Parabilis Space Technologies, Inc. has successfully demonstrated a liquid injection thrust vector control (LITVC) system as part of a development contract with NASA’s Jet Propulsion Laboratory (JPL). LITVC functions by injecting a fluid, in this case nitrous oxide, into the expansion cone of a rocket motor nozzle, which sets up a system of shocks to divert the primary exhaust off-axis. Using multiple injection points, multi-directional steering is achieved with no moving parts within the nozzle itself. This technology is being investigated as a steering method for the hybrid rocket powered Mars Ascent Vehicle (MAV) that is under development at NASA JPL. Its mission will be to lift Martian samples off the surface of the planet for eventual return to Earth.
Parabilis leveraged its additive manufacturing (3D printing) expertise to design, develop, and test a subscale LITVC system with regenerative cooling and multiple temperature sensing channels. According to Chris Grainger, VP of Engineering at Parabilis and Principal Investigator for this program, “This demonstration will contribute substantially to the design and development of a flight-ready steering system.”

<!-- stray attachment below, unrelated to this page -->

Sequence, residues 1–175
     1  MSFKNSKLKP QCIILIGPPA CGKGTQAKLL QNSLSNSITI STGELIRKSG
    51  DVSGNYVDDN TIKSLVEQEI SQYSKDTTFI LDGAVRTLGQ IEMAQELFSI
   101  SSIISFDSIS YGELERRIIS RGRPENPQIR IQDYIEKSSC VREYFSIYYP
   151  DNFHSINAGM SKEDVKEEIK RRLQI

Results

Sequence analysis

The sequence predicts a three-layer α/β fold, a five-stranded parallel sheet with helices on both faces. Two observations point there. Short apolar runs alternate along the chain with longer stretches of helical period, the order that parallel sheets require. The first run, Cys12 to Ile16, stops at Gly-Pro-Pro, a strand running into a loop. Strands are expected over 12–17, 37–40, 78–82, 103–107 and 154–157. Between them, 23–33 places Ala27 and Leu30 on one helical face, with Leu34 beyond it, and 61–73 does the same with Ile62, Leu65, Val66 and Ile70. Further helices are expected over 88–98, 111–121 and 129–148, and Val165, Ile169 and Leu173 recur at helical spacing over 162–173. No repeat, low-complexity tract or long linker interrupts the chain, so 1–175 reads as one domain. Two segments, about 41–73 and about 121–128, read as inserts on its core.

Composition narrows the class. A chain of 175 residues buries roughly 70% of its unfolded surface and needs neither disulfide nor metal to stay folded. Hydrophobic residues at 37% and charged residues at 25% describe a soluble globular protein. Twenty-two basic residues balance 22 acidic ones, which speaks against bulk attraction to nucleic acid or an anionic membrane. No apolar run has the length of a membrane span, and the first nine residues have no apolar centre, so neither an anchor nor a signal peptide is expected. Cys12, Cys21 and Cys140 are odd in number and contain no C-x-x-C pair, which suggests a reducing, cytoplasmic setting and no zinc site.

Parabilis CEO Dave Streich said “Sample return from extraterrestrial bodies is critical to the advancement of human understanding of the solar system and is a core part of the NASA Science Plan, and Parabilis is proud to have contributed to this effort.”
Parabilis Space Technologies designs, develops, tests, and flies affordable propulsion, launch vehicle, and spacecraft solutions. Parabilis is located in San Marcos, CA. The hotfire tests for this program were performed on the vertical test stand at Parabilis’ Lakeside Test Facility located in eastern San Diego county.